Paul also mentions Junia as a woman apostle in Romans 16:7. Unfortunately, male theologians, starting in the fourth century and into the Middle Ages changed the woman “Junia” into the man “Junias” in their biblical commentaries. Misogyny has a long history.
Fortunately, modern feminist history and theology emerged in the 1960s, rooted primarily in Christian women’s experiences of living under the pressure of patriarchal ideology and structures. Today we have better and more accurate historical perspectives thanks to women theologians and women historians. Since 1969 at the Catholic University of Leuven (KU Leuven), for example, a growing number of women have received their doctorates in the Faculty of Theology and Religious Studies; and the current dean is a woman.
For a good perspective on women in early Christian history, I strongly recommend Christine Schenk’s book: Crispina and Her Sisters: Women and Authority in Early Christianity.
History becomes narrow and deceptive when certain books or authors are banned. We see that happening a lot today, especially in schools. In the first half of the 2022-2023 school year in the United States, almost 1,500 books were banned.
Book bans continue to target books featuring LGBTQ+ themes or characters, characters of color, as well as books on race and racism. Book banning, of course, began centuries ago when, for example, certain books were put on the Roman Catholic Index Librorum Prohibitorum (“List of Prohibited Books”) which started in 1560. The writings of Nicolaus Copernicus in 1616 and of Galileo Galilei in 1634 were not removed from the Index until 1822. The very final edition of the Index appeared in 1948. But the Index was not formally abolished until 1966 by Pope Paul VI. History of course is filled with abundant and frightening examples that banning and burning books has often led to banning and burning people.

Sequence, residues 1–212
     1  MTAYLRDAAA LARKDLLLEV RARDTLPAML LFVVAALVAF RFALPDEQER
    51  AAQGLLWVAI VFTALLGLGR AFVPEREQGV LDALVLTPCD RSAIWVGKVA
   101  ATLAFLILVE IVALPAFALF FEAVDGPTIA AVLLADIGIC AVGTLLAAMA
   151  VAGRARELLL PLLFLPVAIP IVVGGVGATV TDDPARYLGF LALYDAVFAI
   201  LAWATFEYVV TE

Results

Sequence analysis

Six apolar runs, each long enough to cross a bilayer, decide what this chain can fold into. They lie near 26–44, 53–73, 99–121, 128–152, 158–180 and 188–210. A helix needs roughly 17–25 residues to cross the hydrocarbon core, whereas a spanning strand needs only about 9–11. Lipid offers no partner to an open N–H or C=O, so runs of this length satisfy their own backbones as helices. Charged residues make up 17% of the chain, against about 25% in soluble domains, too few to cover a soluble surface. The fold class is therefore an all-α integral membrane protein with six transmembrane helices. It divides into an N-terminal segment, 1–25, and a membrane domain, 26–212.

Historical ignorance can also lead to faulty interpretations of historic events. Contrary to what one still hears, for example, Jesus did not ordain anyone at the Last Supper with his disciples.
Jesus certainly did not ordain “male apostles” as the first bishops. Ordination did not exist in Jesus’ lifetime. Ordination began much later and not as a way to pass on “sacred power to consecrate the Eucharist” but as a form of quality control – a way to assure communities that their leaders were competent and trustworthy.
The first complete description of the Christian ceremony of ordination appears at the beginning of the third century and is found in the Apostolic Tradition, a work attributed to Hippolytus of Rome (ca. 170 ‒ ca. 235 CE). By the end of the third century, however, Christianity had a clear organizational structure headed by presbyters, supervisor-overseers (bishops), and deacons.